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Jun 16 / Nick DeNardis

Why we retrospective

The best tool a team can have is the ability to analyze and adapt. The last few weeks I have been talking a lot about Agile agile practices. I intentionally use the lowercase “A” because I am not advocating for any specific methodology but instead to use the Agile Manifesto at its core and use team “agility” to find the best practices for your team.

This process starts with the ‘retrospective‘, which is adopted from the ‘Scrum‘ methodology but is used to look back at a period of time, usually one or two weeks, and introduce a feedback loop for the team to discuss and improve. This is the foundation to critically analyze processes and goals.

This is the basis for a talk I have adapted twice, with more iterations coming in the next few months. Retrospectives are just one topic in the talk but it’s the foundation for the rest. The higher education specific version is below.

Highedweb Michigan presentation

When a team has an existing process, it can be uncomfortable for some people to change, especially if something isn’t going ‘horribly wrong’ and thus is less apparent. But we all have room for improvement as long as we are willing to try.

All team buy-in

Everyone must be willing to try ideas for some time before dismissing them. If the entire team isn’t on board, the reflection and process planning won’t result in the best possible solution. The team shouldn’t dismiss even the most out of the box ideas unless they try them for some time, one or more weeks. If the change totally fails, no one likes it or it doesn’t produce the desired results, that will come out in the next retrospective and everyone will agree to go back or adapt what was tried.

Start with your current process

Don’t change a thing in the beginning, just talk. You may find that a two,three hour argument discussion may take place the first few retro’s. This is good, it may not feel like it’s producing anything productive, but these feelings, ideas and issues need a vehicle to get addressed and out of the way before real improvement can happen. You’ll find that other members of the team may be very passionate about the same things you are, but you may never have noticed. Over time the retrospectives will become shorter and more productive. Hang in there.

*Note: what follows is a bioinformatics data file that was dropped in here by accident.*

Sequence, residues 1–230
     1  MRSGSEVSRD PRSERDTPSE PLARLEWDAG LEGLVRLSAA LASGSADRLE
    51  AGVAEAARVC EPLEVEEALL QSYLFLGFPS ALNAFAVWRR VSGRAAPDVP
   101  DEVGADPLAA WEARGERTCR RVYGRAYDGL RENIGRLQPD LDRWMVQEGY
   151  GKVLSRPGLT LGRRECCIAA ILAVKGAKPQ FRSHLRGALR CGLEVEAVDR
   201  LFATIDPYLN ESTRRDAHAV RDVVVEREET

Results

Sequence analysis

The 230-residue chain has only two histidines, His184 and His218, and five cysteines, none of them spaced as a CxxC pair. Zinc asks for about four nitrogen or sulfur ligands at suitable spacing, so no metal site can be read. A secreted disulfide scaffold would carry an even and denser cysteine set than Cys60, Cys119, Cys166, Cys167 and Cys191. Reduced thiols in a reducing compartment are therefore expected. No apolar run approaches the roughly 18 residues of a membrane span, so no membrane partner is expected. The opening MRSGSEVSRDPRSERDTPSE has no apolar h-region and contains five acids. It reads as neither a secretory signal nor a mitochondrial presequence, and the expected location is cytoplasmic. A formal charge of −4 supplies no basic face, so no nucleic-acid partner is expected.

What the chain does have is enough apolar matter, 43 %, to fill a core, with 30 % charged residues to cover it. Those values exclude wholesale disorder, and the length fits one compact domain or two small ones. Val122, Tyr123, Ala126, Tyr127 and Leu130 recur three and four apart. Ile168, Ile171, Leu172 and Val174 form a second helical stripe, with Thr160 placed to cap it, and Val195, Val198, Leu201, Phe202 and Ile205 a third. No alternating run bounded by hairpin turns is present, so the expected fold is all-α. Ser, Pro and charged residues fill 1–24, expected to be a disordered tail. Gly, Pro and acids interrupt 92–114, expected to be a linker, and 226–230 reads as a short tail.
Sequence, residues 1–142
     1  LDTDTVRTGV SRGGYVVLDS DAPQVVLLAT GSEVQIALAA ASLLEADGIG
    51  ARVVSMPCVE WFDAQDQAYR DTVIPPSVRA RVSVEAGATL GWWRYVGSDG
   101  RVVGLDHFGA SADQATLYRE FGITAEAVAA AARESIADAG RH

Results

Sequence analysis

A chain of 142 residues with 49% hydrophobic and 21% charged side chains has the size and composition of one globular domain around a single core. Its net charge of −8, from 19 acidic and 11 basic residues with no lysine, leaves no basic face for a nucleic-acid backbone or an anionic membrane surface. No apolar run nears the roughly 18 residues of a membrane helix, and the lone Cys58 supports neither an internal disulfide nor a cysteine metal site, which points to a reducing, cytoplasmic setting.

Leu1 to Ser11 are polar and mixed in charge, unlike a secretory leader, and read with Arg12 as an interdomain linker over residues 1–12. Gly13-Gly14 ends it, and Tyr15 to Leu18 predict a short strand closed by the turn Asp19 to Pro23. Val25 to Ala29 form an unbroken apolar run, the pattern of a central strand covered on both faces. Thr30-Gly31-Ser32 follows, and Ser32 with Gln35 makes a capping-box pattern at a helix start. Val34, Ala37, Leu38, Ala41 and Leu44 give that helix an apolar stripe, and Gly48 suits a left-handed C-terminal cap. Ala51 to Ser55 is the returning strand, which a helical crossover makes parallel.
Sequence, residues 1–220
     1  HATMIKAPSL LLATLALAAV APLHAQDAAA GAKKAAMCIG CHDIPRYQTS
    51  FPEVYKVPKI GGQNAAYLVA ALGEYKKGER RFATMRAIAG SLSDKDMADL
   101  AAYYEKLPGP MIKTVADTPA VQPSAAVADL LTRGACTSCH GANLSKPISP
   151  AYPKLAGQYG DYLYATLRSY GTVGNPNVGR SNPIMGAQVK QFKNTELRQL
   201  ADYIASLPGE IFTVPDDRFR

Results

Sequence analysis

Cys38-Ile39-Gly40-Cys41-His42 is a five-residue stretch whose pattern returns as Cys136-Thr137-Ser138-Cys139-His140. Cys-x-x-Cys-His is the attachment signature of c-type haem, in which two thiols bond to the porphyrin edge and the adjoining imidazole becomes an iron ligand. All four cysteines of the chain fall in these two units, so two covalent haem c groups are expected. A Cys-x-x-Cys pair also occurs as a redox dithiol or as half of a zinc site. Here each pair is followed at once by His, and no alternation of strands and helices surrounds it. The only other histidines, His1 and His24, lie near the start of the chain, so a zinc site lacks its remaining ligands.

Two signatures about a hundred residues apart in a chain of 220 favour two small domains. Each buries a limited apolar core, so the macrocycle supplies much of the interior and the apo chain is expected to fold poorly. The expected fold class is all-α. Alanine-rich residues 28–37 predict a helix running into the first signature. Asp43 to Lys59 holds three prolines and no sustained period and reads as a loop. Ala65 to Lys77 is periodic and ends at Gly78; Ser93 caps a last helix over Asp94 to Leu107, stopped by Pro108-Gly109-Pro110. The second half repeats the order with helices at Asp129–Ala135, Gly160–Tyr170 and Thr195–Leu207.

Running a retrospective

First rule: No technology during the retrospective, everyone take out their phone and place it in the middle of the table. This may get people squirming at first but giving all team members the equal respect of your attention makes a world of difference.

Next, there needs to be a facilitator, this can be someone on the team or someone external. Their role is to keep everyone on track and to record the discussion points.

Then, go around the room and have each person answer the following questions:

  • What went well?
  • What didn’t go so well?
  • What have I learned?
  • What still puzzles me?

Our team also adds the question, “How stressed were you on a scale of 1-10?” We make it a point to focus the changes for the next iteration on reducing the number for the most stressed person.


After everyone goes around and the team has heard how the last week or two went, only then can an effective discussion happen about what should stay the same and can be improved. As a group, although it shouldn’t be limited to an unanimous vote, everyone should agree (or be willing to try) what to change over the next week or two (depending on how often retrospectives are done).

The facilitator has the job of moving the discussion along and ensuring comments are moving in a productive direction. Discussions that get out of hand for a few minutes are fine, but make sure it doesn’t diverge into complaining about a person or process that the team doesn’t have the ability to improve.

Change just one thing

Like any iterative process, it is important to change just one thing at a time, or at least one thing per area. Depending on the size of the team and who/what they interact with, more than one change can happen, just make sure it isn’t too much to keep track of. But document the changes and determine when it should be revisited.